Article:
How to bring your LGBTQ fiance to the USA
How To Bring your LGBT (Lesbian, Gay, BiSexual, or Transgender) Fiancee to the USA?
In June 2013, the Supreme Court ruled that Section 3 of the Defense of Marriage Act (DOMA) which discriminated against same sex marriage is unconstitutional. A week later Homeland security Secretary: Janet Napolitano officially announced: “I have directed U.S. Citizenship and Immigration Services (USCIS) to review immigration visa petitions filed on behalf of a same-sex spouse in the same manner as those filed on behalf of an opposite-sex spouse.”
So far no specific instructions, special procedures, etc have been handed down. HOWEVER Experts agree, and the recent cases I have worked on, indicate that the process for same sex fiancee’s applying for Fiance visas should be treated the same as mixed sex couples.
In my experience however this is the best time to apply. My LGBT cases are speeding through the system faster than my opposite sex cases. It may not last, but I have the feeling that to officers at USCIS and State Department are trying in their own way to make amends for past history.
Your foreign Fiancee needs permission from the US government to allow him or her to enter the USA. This is called a K1 Fiancee visa.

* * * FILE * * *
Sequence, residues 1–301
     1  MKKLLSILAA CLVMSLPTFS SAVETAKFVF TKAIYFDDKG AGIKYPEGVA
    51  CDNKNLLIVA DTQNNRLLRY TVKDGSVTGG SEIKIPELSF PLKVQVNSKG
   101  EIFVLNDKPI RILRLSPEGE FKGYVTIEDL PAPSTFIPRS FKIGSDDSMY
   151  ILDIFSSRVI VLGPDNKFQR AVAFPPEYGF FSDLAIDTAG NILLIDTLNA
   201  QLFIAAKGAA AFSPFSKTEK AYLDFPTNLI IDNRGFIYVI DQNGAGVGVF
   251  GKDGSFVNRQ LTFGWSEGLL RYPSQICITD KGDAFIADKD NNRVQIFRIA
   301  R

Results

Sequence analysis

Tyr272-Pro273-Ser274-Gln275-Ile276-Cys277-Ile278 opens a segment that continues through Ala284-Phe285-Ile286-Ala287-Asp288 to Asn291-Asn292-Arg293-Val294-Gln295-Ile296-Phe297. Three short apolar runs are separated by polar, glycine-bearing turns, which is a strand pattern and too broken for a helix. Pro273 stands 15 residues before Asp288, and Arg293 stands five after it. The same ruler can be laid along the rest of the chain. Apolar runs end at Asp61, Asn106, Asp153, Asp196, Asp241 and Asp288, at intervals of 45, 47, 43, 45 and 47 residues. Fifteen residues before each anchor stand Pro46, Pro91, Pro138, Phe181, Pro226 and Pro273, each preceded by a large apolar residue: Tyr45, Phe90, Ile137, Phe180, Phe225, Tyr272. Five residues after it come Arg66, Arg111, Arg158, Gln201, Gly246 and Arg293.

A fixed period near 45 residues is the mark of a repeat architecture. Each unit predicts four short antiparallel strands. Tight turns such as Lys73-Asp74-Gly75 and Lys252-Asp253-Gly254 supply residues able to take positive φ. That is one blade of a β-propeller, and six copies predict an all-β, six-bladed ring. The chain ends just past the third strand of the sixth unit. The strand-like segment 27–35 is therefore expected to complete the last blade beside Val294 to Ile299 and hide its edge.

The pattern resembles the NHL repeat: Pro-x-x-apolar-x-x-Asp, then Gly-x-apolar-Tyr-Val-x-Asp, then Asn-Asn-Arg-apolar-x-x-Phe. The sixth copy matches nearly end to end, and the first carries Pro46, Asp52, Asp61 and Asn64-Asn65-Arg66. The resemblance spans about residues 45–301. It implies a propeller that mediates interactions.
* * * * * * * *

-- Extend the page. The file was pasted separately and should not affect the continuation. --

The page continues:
First we work together to produce a thick packet of forms, evidences and civil documents. This is required to demonstrate that you are eligible to apply, and that your true agenda is a genuine life together,not immigration fraud.
My signature philosophy is that a petition should ALWAYS be “front loaded” with high quality evidence of a bona fide relationship. My “front loaded” petitions prepare the way so that your Fiancee will have an Easier interview. The traditional fiance visa eligibility process included consideration, of whether a couple is permitted to marry in the state of residence of the American sponsor. For example if the couple is too young to marry in the sponsors state of residence, even though the neighboring state has more liberal marriage laws, the fiance visa would be denied.
Today ONLY 17 states allow same-sex marriage. One must ask: “How will USCIS view the eligibility of a same-sex couple planning marriage, when the American lives in one of the states where same-sex marriage is banned? Experts believe. That for same-sex couples, USCIS will relax its requirement for a legal marriage in the State of residence, and will view a couple as eligible, IF they can satisfactorily demonstrate they plan to marry, at a location where it is allowed. Continue reading “Visa for LGBT Fiance”